I have been spending the last month or so coaching my dojo’s demo team. This is an outreach group that demonstrates aikido to places like schools, community centers, and conferences. Sensei had asked me if I would revive the team, as we haven’t had one in at least four years or so, back when I was participating as a blue belt.
We were invited to take part in a conference, so I had to act quickly. I sent out a message to selected members whom I thought would perform well in a demo setting, and asked if they were available. From those who responded, we got together, worked out a practice schedule, and I fleshed out a script of techniques that I thought would look interesting to the uninitiated. We practiced every week until the conference.
I was actually unable to go to the demo, as I had an unavoidable schedule conflict, but from all accounts, I heard it went well– the team performed smoothly, and the conference goers were impressed by our demonstration.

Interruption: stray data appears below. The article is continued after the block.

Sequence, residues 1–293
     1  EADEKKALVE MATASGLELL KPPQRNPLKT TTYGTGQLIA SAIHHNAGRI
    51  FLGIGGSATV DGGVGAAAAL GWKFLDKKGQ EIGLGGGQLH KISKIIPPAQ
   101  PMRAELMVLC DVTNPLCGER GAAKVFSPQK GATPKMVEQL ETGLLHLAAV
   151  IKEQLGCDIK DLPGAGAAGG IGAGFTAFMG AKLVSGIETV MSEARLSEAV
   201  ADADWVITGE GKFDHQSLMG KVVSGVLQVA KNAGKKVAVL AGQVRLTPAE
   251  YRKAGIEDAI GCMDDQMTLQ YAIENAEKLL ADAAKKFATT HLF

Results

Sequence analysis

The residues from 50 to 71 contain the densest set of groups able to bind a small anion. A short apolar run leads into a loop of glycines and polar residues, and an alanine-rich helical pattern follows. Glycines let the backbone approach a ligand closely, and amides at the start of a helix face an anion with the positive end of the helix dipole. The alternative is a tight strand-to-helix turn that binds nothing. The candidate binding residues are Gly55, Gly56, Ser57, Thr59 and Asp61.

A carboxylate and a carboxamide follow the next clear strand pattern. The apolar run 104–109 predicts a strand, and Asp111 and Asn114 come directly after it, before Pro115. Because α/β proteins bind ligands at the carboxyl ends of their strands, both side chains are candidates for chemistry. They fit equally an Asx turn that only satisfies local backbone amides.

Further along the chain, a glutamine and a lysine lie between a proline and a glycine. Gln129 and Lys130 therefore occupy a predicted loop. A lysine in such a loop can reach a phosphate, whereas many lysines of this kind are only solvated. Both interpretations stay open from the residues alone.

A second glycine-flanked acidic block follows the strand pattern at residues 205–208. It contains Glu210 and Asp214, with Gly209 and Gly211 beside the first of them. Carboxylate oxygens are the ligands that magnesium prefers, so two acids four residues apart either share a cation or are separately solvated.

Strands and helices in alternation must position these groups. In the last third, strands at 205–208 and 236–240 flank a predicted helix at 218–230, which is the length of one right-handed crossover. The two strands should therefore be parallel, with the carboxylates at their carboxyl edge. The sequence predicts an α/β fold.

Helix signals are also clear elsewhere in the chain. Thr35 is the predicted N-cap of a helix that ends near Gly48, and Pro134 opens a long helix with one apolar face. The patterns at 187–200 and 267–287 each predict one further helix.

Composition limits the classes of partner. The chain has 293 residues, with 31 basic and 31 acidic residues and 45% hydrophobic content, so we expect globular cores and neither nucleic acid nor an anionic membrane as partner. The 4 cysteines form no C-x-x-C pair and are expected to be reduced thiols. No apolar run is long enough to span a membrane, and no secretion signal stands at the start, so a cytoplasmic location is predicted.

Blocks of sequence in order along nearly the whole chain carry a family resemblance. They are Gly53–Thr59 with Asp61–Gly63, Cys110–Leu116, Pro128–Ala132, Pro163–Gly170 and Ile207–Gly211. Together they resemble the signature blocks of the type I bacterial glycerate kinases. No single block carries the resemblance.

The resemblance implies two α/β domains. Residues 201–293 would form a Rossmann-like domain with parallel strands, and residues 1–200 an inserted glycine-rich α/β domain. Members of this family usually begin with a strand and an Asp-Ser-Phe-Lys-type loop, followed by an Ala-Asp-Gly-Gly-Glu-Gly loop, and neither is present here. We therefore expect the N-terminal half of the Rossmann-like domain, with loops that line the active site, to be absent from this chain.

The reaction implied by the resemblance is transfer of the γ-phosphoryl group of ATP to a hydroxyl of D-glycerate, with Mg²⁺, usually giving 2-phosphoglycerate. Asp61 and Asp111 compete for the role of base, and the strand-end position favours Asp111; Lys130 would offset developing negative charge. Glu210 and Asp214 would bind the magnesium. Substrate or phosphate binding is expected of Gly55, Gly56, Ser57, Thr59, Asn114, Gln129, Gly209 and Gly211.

Sensei praised and thanked me for coaching the team. I said that the team put in the work. They’re a good bunch of people, and really easy to work with.
In advanced class the following week, I had the good fortune to practice with someone I haven’t practiced with in a very long while. We worked through a technique together, really tested each other’s weak points and learned a lot from each other. At the end of class, I told him that I enjoyed working with him, and that it was a real treat after not having practiced with him in so long. He felt the same way about our practice too. He also said that he felt I’ve improved a lot. I replied that I’ve learned so much from him, and from the other instructors. He said, “They had guided you, but you did all the work.”
And the circle goes on.